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Pique n' your interest

The pleasures of not being number one

A perplexed liftie shook his head and, slowing down the chair for us to get on, said in amazement: "I can’t believe how busy it is today."

The four of us looked back at the line.

There were seven people standing there.

Eyebrows raised, unsure whether or not to laugh, we all sank into the chair.

Was he joking? Was he being sarcastic? Was he serious? We debated the comment during the 25-minute chair lift ride to the top and decided that he was pulling our legs. There were seven people standing there for crying out loud.

As it turns out, the liftie was totally sincere. When there are seven people standing in line for the Burfield Chair at Sun Peaks Resort it’s smokin’ busy.

It’s funny how when you get out of Dodge for a weekend, things suddenly gain a whole new perspective.

That’s what last weekend’s trip to Sun Peaks did for me. It was my first time to Sun Peaks and my first time skiing at another resort in B.C.

And the journey put Whistler in a whole new light.

First of all it made me realize that Whistler really is in a class of its own. Nothing can compare to its sheer size, the amount of vertical drop, the bowls, the powder chutes, the cliffs, the length of the runs, the speed of the lifts, the snowmaking, the terrain parks, the nightlife, the sense of community.

Where Whistler has 7,071 acres of skiable terrain, Sun Peaks has jut under 3,500. Where Whistler has 33 lifts, Sun Peaks has 10. Where Whistler has more than 200 marked runs, Sun Peaks has 114. Where Whistler has tons of bars, nightclubs and apres joints, Sun Peaks has MacDaddies and not much else.

You get my point. I don’t need to provide a long list of Whistler’s attributes and Sun Peaks’ supposed shortfalls to convince anyone. Besides, we already know that we’re number one by a long shot.

But of all the things that Whistler has to offer, there are some things where Sun Peaks has it beaten hands down. And it was only after this trip that I truly understood what it means to be a victim of your own success.

Let’s take our frazzled liftie for example. At some lifts in Sun Peaks, lineups are simply unheard of. Lifties and locals alike expect to be able to ski to the bottom of the run and just keep gliding till the green line where they sit down.

There’s no waiting around. There’s no merging with clueless tourists. There’s no chairlift rage. It's just non-stop sailing. It’s amazing how many runs you can ski on any given day when you’re not standing around twiddling your thumbs in a lift line.

And when there’s no one standing in the lift line you have to know what that means. There’s no one on the runs too.

I have a very vivid image of Sunday morning around 10 a.m. standing at the top of an untouched run. Six of us spread out across the top of that run looking down on untouched powder.

There was no one else around. Totally quiet. I think most of us were in shock that we could gorge ourselves on all this powder, not having to worry about someone swooping down from behind and poaching our lines.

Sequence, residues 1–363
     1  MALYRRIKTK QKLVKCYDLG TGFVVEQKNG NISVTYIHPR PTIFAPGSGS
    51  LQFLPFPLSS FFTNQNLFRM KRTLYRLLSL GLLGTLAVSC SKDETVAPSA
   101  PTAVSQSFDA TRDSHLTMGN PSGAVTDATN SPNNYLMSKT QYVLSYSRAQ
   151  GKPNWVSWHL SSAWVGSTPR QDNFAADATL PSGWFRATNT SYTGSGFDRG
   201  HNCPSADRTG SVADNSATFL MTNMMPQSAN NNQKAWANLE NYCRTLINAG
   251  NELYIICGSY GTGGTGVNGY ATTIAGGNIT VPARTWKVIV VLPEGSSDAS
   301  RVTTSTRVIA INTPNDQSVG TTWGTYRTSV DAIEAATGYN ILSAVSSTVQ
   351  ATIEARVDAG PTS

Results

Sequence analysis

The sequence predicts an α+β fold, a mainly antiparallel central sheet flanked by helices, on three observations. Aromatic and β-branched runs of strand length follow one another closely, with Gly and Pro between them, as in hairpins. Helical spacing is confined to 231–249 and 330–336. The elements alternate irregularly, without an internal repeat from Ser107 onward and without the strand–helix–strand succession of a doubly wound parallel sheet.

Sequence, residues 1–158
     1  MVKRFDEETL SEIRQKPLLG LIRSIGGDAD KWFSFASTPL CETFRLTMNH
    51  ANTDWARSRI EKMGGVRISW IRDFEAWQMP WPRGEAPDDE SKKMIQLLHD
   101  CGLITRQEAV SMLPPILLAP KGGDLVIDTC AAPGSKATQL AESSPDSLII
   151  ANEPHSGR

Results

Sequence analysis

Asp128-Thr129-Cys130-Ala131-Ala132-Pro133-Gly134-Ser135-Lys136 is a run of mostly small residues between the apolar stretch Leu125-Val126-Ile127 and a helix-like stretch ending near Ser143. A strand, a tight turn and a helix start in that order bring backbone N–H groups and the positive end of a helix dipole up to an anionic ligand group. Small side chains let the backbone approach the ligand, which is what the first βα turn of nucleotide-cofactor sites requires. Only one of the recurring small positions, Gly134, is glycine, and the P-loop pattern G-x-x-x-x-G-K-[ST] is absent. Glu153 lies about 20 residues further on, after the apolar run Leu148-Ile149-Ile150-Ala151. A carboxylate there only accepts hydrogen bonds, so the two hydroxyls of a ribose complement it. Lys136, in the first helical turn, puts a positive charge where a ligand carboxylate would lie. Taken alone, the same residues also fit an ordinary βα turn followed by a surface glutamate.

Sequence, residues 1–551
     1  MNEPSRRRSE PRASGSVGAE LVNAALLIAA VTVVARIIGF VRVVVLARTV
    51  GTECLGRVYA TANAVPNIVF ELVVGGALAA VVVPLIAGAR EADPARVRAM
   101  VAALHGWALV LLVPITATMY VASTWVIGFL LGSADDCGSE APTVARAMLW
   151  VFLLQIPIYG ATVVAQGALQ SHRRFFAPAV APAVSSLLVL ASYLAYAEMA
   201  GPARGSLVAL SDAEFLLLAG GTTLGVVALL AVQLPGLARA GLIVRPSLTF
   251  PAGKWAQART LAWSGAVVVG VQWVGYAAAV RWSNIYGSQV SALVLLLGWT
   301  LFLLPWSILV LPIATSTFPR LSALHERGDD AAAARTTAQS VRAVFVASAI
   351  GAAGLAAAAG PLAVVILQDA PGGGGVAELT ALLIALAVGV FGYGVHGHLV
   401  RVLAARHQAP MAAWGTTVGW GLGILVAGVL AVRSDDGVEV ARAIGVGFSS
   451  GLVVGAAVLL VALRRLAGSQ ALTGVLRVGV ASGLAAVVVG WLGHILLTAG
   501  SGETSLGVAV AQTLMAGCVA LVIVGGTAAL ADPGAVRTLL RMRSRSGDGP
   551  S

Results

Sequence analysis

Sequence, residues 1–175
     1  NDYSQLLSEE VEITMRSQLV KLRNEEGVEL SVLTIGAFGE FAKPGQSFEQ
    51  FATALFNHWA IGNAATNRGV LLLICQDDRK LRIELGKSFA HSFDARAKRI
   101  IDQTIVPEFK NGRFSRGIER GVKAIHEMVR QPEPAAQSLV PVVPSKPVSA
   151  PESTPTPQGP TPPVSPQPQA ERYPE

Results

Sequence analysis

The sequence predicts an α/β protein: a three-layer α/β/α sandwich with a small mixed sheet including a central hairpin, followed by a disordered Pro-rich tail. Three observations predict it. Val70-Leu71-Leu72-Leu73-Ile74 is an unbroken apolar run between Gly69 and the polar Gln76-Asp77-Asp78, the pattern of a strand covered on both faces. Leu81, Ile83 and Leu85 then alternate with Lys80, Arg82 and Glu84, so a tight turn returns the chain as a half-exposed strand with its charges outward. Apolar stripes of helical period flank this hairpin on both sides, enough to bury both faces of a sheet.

Spreading out across the width of the run, each of us had our own separate line down to the bottom. We didn’t come close to each other. We didn’t come close to anyone else.

Similarly the ski outs at Sun Peaks seemed like empty Indy 500 raceways. They were fast and wide and so much fun.

I kept looking around for the merge signs, expecting at any moment to join 15,000 people on the way down to the bottom. They never appeared.

It was a far cry from the cat track out of the Blackcomb Glacier, which merges into a handful of different runs, putting beginners and experts on the same narrow track, making for a very tense ski out most of the time.

I fall more on that cat track than anywhere else on the mountain.

But above all else there’s the Sun Peaks powder.

Our first day of skiing was on Saturday. There hadn’t been any fresh snow falling for a least a couple of days. We did a few fast groomers and after a conversation or two with some locals we had unstrapped and were off on a hike. After 10 minutes we were staring at a powder field stretching as far as the eye could see. There were maybe three lines there. I think we thought we had died and gone to heaven, knowing we had found our weekend playground.

As luck would have it the snow came on Saturday night. This was real snow, not just a trace.

I woke up to "Oh my God it’s puking outside, get up, get up, get up." I haven’t heard that since Christmas day.

I wasn’t allowed to do anything that morning expect have a singular focus of getting up on that mountain.

We know that if there’s any lollygagging on a Whistler powder day then it’s all over – you might as well go back to bed and wait for the next big dump. A small coffee pit stop could mean no fresh lines down Harmony. A mini bathroom break could mean missing the first chairs on the Peak and giving up powder to others.

We’re tracked out here within hours.

I tried to explain to my boyfriend that if we could find powder five days after it fell, surely we wouldn’t have a problem finding fresh lines today. He was not to be convinced. Gear on, checked out of the hotel, a few morsels of food and within minutes of waking up I was already on the chairlift.

We really didn’t have to rush because that powder lasted all day. I guess old habits die hard.

Riding up the chairlift near the end of my trip I told a young teen that he was so lucky to ski at Sun Peaks.

When I told him I lived in Whistler, I got a scathing look and that was the end of the conversation.

I think he thought I was crazy. Don’t get me wrong. I wouldn’t trade Whistler in for a second but man, that Sun Peaks powder was fun!